Saturday, November 15, 2008

Is the term "honour killing" racist?

A fascinating article in the National Post today addresses the question as to whether the term "honour killing" is racist and Islamophobic. The article begins:

It is the grizzled face on a Wanted poster that usually catches the eye, but as the FBI realized late last month, the words matter, too.

In its initial poster seeking fugitive Texas cab driver Yasser Abdel Said – sought for the double homicide of his teenaged daughters – the bureau said he disapproved of their dating non-Muslim boys and stated that they were murdered "due to an ‘Honour Killing.'"

Though family members speculated that the father's Islamic belief motivated the crime, the use of the phrase "honour killing" incensed the local Muslim-American community, who argued that the accused's religion should not be linked to the double homicide, which left his two daughters dead in the back of his taxi.

After a public outcry, the FBI struck the offending words three weeks ago.

A Bureau spokesman explained that unlike a hate crime, there is no legal definition of an honour killing. "It's not our job to label this case anything other than what it is, what is from a criminal perspective," he said, apologizing that the writer did not see "the misunderstanding" the wording would create.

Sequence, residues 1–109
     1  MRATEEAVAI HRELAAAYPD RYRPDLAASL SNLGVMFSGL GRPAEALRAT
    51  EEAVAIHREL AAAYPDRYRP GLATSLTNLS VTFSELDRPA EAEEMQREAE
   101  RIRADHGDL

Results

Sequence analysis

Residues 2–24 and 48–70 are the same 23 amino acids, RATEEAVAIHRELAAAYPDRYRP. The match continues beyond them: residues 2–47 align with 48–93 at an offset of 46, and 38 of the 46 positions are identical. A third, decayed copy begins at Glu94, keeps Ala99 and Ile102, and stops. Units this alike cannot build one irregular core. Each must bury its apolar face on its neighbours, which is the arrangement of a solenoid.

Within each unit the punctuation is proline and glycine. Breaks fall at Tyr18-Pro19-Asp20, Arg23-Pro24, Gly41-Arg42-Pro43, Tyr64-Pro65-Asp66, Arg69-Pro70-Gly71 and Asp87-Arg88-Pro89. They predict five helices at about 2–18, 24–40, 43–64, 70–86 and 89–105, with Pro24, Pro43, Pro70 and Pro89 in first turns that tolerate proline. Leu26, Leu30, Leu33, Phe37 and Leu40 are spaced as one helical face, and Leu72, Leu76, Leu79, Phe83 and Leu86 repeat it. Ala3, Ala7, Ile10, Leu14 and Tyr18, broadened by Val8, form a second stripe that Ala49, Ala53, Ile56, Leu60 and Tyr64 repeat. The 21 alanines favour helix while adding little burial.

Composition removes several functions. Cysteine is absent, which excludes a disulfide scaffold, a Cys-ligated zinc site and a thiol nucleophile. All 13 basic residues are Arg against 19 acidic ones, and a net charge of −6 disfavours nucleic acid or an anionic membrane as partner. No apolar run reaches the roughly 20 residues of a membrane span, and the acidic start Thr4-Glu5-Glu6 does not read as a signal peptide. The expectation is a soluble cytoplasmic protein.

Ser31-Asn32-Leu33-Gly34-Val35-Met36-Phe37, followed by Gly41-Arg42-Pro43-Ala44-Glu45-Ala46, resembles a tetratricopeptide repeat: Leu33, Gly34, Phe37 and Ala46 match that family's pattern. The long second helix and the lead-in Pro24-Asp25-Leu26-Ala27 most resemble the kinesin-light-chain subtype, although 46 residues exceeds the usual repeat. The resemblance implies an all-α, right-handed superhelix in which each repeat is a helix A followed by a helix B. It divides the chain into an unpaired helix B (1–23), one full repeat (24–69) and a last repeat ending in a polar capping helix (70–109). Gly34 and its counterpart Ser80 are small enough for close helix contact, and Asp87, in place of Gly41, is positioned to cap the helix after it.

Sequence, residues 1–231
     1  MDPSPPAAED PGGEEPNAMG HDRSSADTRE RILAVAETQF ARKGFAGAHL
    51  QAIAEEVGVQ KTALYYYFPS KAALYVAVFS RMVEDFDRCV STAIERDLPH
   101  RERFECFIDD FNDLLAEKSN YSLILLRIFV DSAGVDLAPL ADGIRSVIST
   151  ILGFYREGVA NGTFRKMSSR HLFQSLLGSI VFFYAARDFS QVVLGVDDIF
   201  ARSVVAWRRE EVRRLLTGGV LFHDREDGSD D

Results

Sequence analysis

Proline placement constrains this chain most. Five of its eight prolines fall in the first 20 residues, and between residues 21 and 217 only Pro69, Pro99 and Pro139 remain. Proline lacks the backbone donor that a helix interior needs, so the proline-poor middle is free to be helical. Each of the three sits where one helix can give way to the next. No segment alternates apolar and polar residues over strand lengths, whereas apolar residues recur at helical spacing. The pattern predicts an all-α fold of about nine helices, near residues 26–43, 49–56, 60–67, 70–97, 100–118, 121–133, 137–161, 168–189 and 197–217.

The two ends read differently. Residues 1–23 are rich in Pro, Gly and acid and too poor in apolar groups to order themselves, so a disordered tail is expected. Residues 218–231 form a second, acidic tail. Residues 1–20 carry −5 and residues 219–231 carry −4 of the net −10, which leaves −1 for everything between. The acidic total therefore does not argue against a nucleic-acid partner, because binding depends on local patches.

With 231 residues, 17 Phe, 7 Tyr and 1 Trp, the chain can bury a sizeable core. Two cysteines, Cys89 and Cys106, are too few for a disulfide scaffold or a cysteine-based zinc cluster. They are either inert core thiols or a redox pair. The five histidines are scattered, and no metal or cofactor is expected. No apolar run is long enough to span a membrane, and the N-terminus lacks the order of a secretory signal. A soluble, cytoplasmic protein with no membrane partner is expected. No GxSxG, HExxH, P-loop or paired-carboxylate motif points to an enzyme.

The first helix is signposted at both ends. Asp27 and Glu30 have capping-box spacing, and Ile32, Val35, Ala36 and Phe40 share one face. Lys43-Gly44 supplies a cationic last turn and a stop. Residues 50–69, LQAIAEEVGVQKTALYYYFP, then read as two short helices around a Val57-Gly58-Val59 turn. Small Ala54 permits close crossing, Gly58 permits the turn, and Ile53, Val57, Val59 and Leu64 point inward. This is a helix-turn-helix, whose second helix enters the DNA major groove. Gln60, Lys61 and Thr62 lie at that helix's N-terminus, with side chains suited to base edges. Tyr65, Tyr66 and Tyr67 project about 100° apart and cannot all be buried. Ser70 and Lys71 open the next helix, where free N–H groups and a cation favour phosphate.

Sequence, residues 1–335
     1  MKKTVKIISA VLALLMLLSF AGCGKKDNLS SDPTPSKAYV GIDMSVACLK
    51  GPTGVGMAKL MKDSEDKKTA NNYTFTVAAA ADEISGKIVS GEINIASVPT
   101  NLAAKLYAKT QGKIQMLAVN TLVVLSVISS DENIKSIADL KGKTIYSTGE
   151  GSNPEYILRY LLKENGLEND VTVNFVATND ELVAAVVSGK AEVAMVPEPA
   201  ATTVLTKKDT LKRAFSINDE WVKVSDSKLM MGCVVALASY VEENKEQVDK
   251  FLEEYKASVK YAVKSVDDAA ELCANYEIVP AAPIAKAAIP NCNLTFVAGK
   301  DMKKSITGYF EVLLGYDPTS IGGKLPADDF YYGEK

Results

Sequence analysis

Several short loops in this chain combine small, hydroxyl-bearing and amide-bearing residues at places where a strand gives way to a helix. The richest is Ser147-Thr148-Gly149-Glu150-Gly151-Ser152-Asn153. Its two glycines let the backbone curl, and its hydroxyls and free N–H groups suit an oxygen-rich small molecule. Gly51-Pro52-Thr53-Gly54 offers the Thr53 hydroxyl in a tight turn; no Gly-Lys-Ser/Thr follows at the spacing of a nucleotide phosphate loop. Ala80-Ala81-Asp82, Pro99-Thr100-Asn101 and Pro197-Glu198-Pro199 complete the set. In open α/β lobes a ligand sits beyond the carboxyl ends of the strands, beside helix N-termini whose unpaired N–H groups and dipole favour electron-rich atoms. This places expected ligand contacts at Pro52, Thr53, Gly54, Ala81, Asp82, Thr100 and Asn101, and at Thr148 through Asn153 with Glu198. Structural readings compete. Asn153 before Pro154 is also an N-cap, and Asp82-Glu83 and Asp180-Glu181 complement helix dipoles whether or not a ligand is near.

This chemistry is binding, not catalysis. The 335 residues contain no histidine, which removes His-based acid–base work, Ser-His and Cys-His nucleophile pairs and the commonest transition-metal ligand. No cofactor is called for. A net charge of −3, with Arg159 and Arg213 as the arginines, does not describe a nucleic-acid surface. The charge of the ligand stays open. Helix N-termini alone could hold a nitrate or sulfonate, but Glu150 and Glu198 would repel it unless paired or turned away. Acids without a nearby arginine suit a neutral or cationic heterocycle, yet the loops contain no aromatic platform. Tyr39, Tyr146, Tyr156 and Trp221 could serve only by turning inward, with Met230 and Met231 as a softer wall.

The girls' great aunt, however, was not satisfied." Everyone knows this is an honour killing," she told "But even our law enforcement and the FBI succumb to the pressure?"

Whether these kinds of crimes take place in Texas, Europe or even in Mississauga, Ontario – where the father and brother of teenager Aqsa Parvez will soon appear in court charged with killing her last December – the term itself is already on trial, a topic that speaks to the extreme hair-trigger sensitivities of multicultural balance.

(Read the rest of the article by clicking here.)

The issue in debate is whether these killings are solely examples of domestic abuse in which religion had no role, or whether they were influenced or even motivated by the killer's religious beliefs. It seems to me, however, that how one answers that question is influenced very little by the actual facts. It is clear that these are cases where religion played a major role in justifying abusive behaviour that resulted in these girl's death. To say otherwise is to close one's eyes and pretend that something doesn't exist because you don't want it to exist.

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